Efficacy and safety of long-term prophylaxis in severe hemophilia a dogs following liver gene therapy using AAV vectors

Denise E. Sabatino, Amy M. Lange, Ekaterina S. Altynova, Rita Sarkar, Shangzhen Zhou, Elizabeth P. Merricks, Helen G. Franck, Timothy C. Nichols, Valder R. Arruda, Haig H. Kazazian Jr

Research output: Contribution to journalArticlepeer-review


Developing adeno-associated viral (AAV)-mediated gene therapy for hemophilia A (HA) has been challenging due to the large size of the factor VIII (FVIII) complementary DNA and the concern for the development of inhibitory antibodies to FVIII in HA patients. Here, we perform a systematic study in HA dogs by delivering a canine FVIII (cFVIII) transgene either as a single chain or two chains in an AAV vector. An optimized cFVIII single chain delivered using AAV serotype 8 (AAV8) by peripheral vein injection resulted in a dose-response with sustained expression of FVIII up to 7% (n = 4). Five HA dogs administered two-chain delivery using either AAV8 or AAV9 via the portal vein expressed long-term, vector dose-dependent levels of FVIII activity (up to 10%). In the two-chain approach, circulating cFVIII antigen levels were more than fivefold higher than activity. Notably, no long-term immune response to FVIII was observed in any of the dogs (1/9 dogs had a transient inhibitor). Long-term follow-up of the dogs showed a remarkable reduction (>90%) of bleeding episodes in a combined total of 24 years of observation. These data demonstrate that both approaches are safe and achieve dose-dependent therapeutic levels of FVIII expression, which supports translational studies of AAV-mediated delivery for HA.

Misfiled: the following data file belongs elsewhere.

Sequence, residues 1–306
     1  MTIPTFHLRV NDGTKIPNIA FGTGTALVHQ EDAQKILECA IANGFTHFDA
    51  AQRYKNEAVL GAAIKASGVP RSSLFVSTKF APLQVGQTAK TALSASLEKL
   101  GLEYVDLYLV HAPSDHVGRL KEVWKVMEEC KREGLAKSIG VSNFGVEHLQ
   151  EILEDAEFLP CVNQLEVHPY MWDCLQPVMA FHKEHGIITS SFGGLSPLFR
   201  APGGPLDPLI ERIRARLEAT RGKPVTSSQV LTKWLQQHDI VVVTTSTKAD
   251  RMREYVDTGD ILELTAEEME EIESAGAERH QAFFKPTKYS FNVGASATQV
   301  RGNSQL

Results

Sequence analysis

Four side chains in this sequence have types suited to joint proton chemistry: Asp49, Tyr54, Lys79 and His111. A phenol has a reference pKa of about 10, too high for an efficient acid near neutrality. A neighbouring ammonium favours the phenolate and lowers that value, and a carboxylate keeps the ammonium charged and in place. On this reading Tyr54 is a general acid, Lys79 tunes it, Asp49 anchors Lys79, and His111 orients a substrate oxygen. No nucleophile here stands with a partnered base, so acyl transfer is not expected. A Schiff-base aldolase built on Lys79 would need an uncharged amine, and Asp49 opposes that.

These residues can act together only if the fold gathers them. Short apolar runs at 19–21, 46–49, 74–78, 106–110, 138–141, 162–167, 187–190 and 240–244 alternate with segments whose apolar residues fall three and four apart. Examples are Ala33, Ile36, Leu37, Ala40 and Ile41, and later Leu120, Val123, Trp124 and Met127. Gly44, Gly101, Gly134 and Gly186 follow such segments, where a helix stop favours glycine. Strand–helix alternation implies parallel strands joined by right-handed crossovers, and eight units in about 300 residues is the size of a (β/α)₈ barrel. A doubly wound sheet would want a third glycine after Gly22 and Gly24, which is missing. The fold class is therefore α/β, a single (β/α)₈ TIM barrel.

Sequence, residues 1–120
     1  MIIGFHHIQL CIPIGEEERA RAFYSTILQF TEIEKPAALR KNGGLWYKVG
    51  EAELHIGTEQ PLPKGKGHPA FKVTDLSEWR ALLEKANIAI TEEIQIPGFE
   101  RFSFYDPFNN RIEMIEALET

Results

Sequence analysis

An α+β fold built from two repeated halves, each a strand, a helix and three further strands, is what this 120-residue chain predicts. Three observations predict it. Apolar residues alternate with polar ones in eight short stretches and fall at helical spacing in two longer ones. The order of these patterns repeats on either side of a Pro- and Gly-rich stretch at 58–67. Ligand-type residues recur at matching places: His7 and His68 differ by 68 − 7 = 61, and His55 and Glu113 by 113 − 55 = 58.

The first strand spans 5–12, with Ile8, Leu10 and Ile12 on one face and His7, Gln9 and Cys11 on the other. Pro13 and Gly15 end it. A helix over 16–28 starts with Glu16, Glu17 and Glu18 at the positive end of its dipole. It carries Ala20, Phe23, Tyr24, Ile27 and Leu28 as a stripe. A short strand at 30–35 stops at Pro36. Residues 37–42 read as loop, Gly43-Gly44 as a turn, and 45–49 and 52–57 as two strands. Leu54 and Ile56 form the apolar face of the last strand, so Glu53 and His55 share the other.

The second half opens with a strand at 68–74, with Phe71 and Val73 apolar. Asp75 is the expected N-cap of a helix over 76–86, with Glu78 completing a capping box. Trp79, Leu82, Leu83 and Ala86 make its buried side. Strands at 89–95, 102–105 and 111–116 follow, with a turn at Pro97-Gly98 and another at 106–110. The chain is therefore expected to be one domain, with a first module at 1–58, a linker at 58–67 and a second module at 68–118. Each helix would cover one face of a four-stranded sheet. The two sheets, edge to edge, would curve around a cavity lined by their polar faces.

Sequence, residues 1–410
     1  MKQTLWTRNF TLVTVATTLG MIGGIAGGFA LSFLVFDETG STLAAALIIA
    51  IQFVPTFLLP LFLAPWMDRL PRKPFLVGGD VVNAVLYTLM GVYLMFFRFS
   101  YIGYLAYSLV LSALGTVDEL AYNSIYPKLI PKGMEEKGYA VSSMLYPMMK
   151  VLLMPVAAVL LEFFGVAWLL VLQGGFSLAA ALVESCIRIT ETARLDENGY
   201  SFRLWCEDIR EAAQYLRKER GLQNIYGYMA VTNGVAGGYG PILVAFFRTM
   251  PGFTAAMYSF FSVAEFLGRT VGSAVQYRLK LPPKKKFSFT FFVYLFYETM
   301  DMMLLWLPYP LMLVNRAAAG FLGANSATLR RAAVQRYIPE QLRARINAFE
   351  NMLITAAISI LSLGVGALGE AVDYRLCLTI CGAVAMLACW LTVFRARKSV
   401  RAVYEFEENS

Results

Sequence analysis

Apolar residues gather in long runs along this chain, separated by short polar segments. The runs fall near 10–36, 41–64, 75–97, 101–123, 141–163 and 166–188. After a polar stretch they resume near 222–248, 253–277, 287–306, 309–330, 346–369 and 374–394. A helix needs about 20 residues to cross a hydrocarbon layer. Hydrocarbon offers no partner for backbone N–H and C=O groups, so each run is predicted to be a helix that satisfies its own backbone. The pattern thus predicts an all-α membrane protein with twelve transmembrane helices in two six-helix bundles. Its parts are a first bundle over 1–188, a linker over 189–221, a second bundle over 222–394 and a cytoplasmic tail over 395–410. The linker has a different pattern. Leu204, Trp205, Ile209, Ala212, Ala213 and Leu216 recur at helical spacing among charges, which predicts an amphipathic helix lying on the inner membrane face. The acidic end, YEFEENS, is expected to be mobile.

Original languageEnglish (US)
Pages (from-to)442-449
Number of pages8
JournalMolecular Therapy
Issue number3
StatePublished - Mar 2011
Externally publishedYes

ASJC Scopus subject areas

  • Molecular Medicine
  • Molecular Biology
  • Genetics
  • Pharmacology
  • Drug Discovery


Dive into the research topics of 'Efficacy and safety of long-term prophylaxis in severe hemophilia a dogs following liver gene therapy using AAV vectors'. Together they form a unique fingerprint.

Cite this